This week, Ada Wolin, author of the new 33 1/3 The Shangri-Las’ Golden Hits of the Shangri-Las will be taking over the blog! Her new book, out April 4th, dives into the popular 1960s girl-group, and their unique ability to challenge the status-quo of sticky-sweet girl groups of the time, setting the stage for the coming generation of tough women in music.
When I first heard about the Under 22 Open Call, it struck me as an oddly sadistic concept. Before you accuse me of biting the hand that feeds, let me explain. Can’t you just imagine the ensuing criticism? The calls of media stunt gimmickry, and the Goodreads reviews lambasting sophomoric term-paper writing? Pity the poor college student who ends up putting that book out into the world. Being, by nature, a somewhat obstinate person, I had to throw my hat in the ring.
I wish I could say that I knew I wanted to write about Golden Hits of the Shangri-Las from the very beginning, but it took some time getting there. I knew I wanted to shoot my shot, but I felt the possibilities swirling in a confusing cloud around my head. How could I compete with authors who had experienced firsthand their album’s milieu? Who could enlist industry contacts and get band involvement? What album could I say something about, something that was actually worth saying?
Many authors write about albums that shaped their late teens and early twenties, that formed the adult identity they have now. It’s a funny thing to start a 33 1/3 at nineteen. Even now, as I turn 23, I’m still a piece of Play-Doh, in those very years that I will look back fondly on in twenty years. Nostalgia was, for obvious reasons, out of the picture. But there was something I could do, that I felt uniquely equipped for. I could dive headlong into the solipsistic sulk of the Shangri-Las.
I was riding the blue line home one day during my sophomore year of college, listening to a subpar rip of Golden Hits when the realization hit me in a truly ridiculous way. Yes. I had never read anything of substantial depth about the Shangri-Las. As I quickly learned as I waded into research, that was because there was barely anything written about them. The Shangri-Las don’t have a hagiography. They never have, and I wouldn’t change that. To even begin to tell their story is a terrifying, unprecedented feat.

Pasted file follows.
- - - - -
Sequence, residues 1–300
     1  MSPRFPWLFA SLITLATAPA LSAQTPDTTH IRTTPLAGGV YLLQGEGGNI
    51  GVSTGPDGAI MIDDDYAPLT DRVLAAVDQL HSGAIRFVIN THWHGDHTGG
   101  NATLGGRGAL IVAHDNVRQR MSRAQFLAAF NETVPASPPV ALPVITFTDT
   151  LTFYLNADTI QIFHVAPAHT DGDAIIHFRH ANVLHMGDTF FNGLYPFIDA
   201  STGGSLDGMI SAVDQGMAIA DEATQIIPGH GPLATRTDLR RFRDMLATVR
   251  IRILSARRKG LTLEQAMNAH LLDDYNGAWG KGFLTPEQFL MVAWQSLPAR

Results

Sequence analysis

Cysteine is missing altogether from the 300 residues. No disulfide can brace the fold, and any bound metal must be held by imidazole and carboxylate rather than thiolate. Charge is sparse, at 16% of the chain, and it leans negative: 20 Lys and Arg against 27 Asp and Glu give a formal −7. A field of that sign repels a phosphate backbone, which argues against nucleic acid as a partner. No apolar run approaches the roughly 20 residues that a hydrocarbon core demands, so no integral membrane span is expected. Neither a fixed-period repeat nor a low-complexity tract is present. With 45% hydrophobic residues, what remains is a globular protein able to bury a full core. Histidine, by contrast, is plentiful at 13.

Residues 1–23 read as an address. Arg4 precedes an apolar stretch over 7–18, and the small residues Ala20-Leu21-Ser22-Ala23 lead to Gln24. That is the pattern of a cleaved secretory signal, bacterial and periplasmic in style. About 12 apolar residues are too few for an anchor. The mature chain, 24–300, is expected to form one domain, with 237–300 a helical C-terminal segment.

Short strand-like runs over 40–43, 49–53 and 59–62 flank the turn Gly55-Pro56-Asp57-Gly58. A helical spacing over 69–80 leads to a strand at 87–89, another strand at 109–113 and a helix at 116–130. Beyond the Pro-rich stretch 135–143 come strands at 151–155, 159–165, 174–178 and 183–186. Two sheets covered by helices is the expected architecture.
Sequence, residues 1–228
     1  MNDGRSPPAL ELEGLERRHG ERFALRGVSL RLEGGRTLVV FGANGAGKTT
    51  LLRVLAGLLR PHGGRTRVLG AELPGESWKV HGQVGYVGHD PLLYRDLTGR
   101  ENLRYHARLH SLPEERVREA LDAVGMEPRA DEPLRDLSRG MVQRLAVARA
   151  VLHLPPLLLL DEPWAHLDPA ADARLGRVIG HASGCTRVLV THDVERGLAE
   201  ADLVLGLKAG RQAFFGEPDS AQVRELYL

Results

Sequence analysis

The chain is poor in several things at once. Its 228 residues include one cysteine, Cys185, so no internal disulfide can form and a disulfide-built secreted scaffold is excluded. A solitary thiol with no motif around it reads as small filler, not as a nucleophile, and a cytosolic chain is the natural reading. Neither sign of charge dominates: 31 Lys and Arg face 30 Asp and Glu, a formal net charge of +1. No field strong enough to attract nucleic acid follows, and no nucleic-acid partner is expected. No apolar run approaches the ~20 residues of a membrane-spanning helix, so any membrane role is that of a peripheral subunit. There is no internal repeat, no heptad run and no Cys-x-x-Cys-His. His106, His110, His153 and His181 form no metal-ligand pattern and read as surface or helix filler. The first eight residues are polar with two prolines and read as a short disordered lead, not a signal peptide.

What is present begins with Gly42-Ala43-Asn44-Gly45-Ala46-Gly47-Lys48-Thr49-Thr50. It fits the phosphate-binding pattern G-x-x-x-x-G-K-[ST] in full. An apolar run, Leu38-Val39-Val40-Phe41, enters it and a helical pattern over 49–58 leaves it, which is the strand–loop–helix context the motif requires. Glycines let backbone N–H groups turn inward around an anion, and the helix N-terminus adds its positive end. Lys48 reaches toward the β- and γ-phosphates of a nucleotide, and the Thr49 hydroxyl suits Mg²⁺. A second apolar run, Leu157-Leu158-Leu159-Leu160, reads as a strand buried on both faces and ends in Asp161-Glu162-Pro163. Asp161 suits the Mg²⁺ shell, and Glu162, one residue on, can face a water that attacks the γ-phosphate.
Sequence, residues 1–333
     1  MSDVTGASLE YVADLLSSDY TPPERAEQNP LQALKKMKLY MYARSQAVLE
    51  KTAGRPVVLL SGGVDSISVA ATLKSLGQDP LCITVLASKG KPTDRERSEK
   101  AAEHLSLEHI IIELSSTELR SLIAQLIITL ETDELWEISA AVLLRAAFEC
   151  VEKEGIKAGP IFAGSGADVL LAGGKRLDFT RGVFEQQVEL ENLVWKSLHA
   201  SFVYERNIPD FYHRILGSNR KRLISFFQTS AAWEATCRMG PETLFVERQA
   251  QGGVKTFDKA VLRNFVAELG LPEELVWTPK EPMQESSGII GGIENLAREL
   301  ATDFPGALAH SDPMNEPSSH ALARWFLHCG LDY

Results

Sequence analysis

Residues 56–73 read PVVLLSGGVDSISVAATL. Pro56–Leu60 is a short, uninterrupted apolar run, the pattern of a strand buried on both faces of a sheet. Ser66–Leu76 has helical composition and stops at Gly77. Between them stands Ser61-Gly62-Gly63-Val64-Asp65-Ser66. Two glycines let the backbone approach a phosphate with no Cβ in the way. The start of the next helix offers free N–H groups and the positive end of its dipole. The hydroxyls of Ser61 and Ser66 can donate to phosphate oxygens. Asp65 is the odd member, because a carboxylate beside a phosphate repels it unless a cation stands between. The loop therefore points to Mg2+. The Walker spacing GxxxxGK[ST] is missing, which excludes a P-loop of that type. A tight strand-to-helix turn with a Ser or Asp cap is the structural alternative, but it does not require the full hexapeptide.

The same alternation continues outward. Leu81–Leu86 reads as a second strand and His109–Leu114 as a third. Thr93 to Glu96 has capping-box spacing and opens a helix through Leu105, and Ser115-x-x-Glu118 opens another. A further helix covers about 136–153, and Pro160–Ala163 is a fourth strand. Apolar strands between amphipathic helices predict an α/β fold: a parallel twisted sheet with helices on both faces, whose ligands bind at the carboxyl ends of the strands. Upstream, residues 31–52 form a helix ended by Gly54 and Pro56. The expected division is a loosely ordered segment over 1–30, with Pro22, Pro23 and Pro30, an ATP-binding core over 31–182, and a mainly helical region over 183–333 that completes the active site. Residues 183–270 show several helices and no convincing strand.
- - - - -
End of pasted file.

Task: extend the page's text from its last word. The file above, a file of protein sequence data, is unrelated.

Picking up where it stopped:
I didn’t, and still don’t, care overly about the studio minutiae. This is not that kind of book. That is, to some degree, because I got my degree in poetry and it’s my book, god damnit. But in a less facetious sense, and perhaps a more convincing one, I believe that the story of the girl-group sound is often studio-centric. Superslick pop music often gets that treatment. I wanted to think instead about why this music moved me so immensely. I’m not a music scholar—but at the time of my book’s completion, I had listened to the Golden Hits of the Shangri-Las more than anyone should ever have to listen to one album. I was beginning to think in car crashes and sullen spoken overtures.
When I received word from the folks at Bloomsbury that my proposal had been selected as the winner of the Under 22 Open Call, I was utterly floored. I frankly hadn’t considered the fact that I would have to actually write the damn thing. With the help of a few very supportive teachers, and my awesome editor Marc Woodworth, I managed to write this thing over my last year of college and first year in the real world. Like many great opportunities, the timing was less than perfect. But unlikely as it seems, out of that came a stronger, more passionate, and more informed book. Because I wasn’t looking back, in anger or otherwise. I wasn’t remembering my youth, I was fumbling through it. Every time I felt like I would never finish, that there was no end in sight, I breathed a sigh of relief. That meant I was finally absorbing the Shangri-Las at their finest.
Stay tuned throughout the rest of the week to read more of Ada’s blog posts!